Convergent, divergent and transform plate boundaries.
Nickel can be recovered using extractive metallurgy. Most lateritic ores have traditionally been processed using pyrometallurgical techniques to produce a matte for further refining. Recent advances in hydrometallurgy have resulted in recent nickel processing operations being developed using these processes. Most sulphide deposits have traditionally been processed by concentration through a froth flotation process followed by pyrometallurgical extraction. Recent advances in hydrometallurgical processing of sulphides has led to some recent projects being built around this technology. Nickel is extracted from its ores by conventional roasting and reduction processes which yield a metal of >75% purity. Final purification in the Mond process to >99.99% purity is performed by reacting nickel and carbon monoxide to form nickel carbonyl. This gas is passed into a large chamber at a higher temperature in which tens of thousands of nickel spheres are maintained in constant motion. The nickel carbonyl decomposes depositing pure nickel onto the nickel spheres (known as pellets). Alternatively, the nickel carbonyl may be decomposed in a smaller chamber without pellets present to create fine powders. The resultant carbon monoxide is re-circulated through the process. The highly pure nickel produced by this process is known as carbonyl nickel. A second common form of refining involves the leaching of the metal matte followed by the electro-winning of the nickel from solution by plating it onto a cathode. In many stainless steel applications, the nickel can be taken directly in the 75% purity form, depending on the presence of any impurities. The largest producer of nickel is Russia which extracts 267,000 tonnes of nickel per year. Australia and Canada (particularly the Sudbury Basin) are the second and third largest producers, making 207 and 189.3 thousand tonnes per year.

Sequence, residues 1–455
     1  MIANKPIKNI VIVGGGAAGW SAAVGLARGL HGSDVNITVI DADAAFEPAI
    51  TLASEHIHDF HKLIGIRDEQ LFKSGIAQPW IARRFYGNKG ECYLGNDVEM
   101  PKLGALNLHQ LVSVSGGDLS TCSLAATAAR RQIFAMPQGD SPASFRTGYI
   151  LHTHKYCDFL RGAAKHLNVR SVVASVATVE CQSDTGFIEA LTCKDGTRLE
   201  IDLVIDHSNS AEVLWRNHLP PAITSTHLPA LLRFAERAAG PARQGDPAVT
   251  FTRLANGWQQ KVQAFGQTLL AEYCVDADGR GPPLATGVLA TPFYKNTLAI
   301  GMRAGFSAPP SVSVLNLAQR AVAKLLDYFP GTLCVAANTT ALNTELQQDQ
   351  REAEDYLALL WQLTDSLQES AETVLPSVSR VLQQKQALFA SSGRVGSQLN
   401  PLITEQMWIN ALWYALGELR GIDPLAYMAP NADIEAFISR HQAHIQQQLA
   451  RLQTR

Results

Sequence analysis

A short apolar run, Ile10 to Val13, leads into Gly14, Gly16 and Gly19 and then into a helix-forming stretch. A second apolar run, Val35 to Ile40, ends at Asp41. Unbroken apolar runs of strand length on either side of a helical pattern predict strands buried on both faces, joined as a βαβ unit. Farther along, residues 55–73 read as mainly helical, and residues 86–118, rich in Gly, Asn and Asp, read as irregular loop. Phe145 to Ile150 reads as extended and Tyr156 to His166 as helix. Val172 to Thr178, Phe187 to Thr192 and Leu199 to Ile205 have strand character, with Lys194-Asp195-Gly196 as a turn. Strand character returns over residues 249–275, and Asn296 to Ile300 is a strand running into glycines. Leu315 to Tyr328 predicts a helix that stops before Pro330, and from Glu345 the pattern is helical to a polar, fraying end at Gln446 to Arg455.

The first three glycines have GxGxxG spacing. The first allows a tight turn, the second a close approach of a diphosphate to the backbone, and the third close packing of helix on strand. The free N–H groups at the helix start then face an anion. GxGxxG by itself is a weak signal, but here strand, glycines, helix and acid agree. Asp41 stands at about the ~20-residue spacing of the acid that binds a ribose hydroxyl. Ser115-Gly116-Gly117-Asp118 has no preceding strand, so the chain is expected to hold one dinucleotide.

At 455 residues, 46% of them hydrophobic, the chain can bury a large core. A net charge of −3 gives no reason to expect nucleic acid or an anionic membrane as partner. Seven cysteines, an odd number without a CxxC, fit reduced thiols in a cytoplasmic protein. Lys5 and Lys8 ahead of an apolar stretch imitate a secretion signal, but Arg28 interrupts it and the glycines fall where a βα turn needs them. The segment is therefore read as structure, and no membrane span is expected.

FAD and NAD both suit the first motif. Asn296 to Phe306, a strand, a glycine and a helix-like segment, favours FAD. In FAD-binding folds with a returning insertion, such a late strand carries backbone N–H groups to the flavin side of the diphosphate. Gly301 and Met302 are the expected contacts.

The Rock cycle is a process whereby all types of rock are formed then eroded and "recycled" through different depositional processes. Sedimentary rocks can provide evidence that the rock cycle exists by looking at it under a microscope. Sedimentary rocks are formed by the lithification of grains of different sizes shapes and compositions. By detemining the compositions of the grains within a sedimentary rock through a petrographic microscope or through a scanning electron microscope (SEM) then it can be seen that some grains are composed of minerals that are solely igneous in origin. Likewise, sedimentary rocks can be metamorphosed to form meta-sediments.